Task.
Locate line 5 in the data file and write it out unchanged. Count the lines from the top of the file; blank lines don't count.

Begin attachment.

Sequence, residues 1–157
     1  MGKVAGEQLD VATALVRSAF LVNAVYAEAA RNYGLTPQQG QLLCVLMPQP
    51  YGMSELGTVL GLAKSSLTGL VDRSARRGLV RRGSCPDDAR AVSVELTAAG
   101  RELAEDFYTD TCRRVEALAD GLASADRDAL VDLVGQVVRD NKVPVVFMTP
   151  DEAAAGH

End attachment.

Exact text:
   151  DEAAAGH